How to Archive Directories using TAR

When the names of files or members specify directories, the operation of tar is more complex. Generally, when a directory is named, tar also operates on all the contents of the directory, recursively. Thus, to tar, the file name `/’ names the entire file system.

To archive the entire contents of a directory, use `–create’ (`-c’) or `–append’ (`-r’) as usual, and specify the name of the directory. For example, to archive all the contents of the current directory, use `tar –create –file=archive-name .’. Doing this will give the archive members names starting with `./’. To archive the contents of a directory named `foodir’, use `tar –create –file=archive-name foodir’. In this case, the member names will all start with `foodir/’.

tar -cf archive.tar foodir

If you give tar a command such as `tar –create –file=foo.tar .’, it will report `tar: foo.tar is the archive; not dumped’. This happens because the archive `foo.tar’ is created before putting any files into it. Then, when tar attempts to add all the files in the directory `.’ to the archive, it notices that the file `foo.tar’ is the same as the archive, and skips it. (It makes no sense to put an archive into itself.) GNU tar will continue in this case, and create the archive as normal, except for the exclusion of that one file. Other versions of tar, however, are not so clever, and will enter an infinite loop when this happens, so you should not depend on this behavior. In general, make sure that the archive is not inside a directory being dumped.

When extracting files, you can also name directory archive members on the command line. In this case, tar extracts all the archive members whose names begin with the name of the directory. As usual, tar is not particularly clever about interpreting member names. The command `tar –extract –file=archive-name .’ will not extract all the contents of the archive, but only those members whose member names begin with `./’.

You can archive a directory by specifying its directory name as a file name argument to tar. The files in the directory will be archived relative to the working directory, and the directory will be re-created along with its contents when the archive is extracted.

To archive a directory, first move to its superior directory.

cd ..

Once in the superior directory, you can specify the subdirectory as a file name a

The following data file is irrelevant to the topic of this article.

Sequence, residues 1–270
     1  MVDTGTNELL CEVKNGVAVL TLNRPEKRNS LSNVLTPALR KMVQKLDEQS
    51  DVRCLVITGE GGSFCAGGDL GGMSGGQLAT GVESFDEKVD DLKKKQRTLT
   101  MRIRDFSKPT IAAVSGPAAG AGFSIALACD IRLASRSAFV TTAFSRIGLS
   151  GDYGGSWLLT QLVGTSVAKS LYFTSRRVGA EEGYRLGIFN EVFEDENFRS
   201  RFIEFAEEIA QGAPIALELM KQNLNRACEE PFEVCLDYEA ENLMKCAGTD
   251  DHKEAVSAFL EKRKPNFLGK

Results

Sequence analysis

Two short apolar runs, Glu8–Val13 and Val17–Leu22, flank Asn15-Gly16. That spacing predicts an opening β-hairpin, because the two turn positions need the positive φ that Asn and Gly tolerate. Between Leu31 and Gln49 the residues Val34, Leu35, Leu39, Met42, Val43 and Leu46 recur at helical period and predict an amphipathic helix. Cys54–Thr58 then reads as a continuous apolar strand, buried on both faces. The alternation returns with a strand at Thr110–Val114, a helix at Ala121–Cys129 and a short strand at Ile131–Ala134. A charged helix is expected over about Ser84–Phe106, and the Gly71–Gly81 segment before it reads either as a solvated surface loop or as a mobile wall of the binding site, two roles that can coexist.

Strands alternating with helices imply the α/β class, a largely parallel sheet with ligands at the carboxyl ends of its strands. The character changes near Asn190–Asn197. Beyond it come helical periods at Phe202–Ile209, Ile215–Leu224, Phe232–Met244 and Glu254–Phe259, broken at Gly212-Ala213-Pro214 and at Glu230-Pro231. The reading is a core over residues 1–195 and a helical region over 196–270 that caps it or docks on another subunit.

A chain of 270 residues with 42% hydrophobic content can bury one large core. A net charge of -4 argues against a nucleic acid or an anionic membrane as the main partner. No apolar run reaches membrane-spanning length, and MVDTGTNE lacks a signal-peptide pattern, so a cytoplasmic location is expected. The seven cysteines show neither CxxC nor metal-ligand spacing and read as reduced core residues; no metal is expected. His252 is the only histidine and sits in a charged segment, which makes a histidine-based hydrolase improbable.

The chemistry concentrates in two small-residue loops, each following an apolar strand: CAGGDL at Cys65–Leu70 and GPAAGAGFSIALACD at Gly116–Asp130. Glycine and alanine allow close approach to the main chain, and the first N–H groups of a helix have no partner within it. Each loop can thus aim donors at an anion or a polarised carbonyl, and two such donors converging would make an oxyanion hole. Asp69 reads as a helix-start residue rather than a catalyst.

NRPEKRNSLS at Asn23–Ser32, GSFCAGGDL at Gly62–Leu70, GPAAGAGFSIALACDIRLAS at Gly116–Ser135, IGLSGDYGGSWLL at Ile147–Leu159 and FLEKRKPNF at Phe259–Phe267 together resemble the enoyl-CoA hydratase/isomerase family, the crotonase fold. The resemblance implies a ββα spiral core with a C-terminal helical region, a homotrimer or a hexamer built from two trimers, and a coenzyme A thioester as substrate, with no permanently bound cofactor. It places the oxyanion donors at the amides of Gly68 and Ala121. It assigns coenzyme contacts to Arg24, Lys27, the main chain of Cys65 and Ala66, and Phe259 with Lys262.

tar --create --verbose --file=music practice

OUTPUT:
---------
practice/
practice/blues
practice/folk
practice/jazz
practice/collection

Note that the archive thus created is not in the subdirectory `practice', but rather in the working directory–the directory from which tar was invoked. Before trying to archive a directory from its superior directory, you should make sure you have write access to the superior directory itself, not only the directory you are trying archive with tar. Trying to store your home directory in an archive by invoking tar from the root directory will probably not work.

Advertisements

Check Size of a File in BASH Script – alert.log oracle help

Size of a File in a directory location can be checked using a small shell script.

#!/bin/bash
str_LogName = "/u01/SAQIB/MyFile"
int_fileSIZE=$(du -b $str_LogName | awk '{ print $1 }')
echo $str_LogName

However, if we want to see if the size is greater than a particular amount say 3MB, we will use the following script.

#!/bin/bash
str_LogName = "/u01/SAQIB/MyFile"
#Size to be checked in Bytes
int_checkSIZE=3145728
int_fileSIZE=$(du -b $str_LogName | awk '{ print $1 }')
if [[ $int_fileSIZE -le  $int_checkSIZE ]];
then
        echo "Size is Lesser then 3 MB"
        # Size in Human Readable Format.
        echo du -bh $str_LogName

else
        echo "Size is More than 3MB:"
fi

 Now if we want to check the size of alert.log file in the database and see if its more than 3MB, copy it with a new name and recreate alert.log file.

#!/bin/bash
##########################################################################
#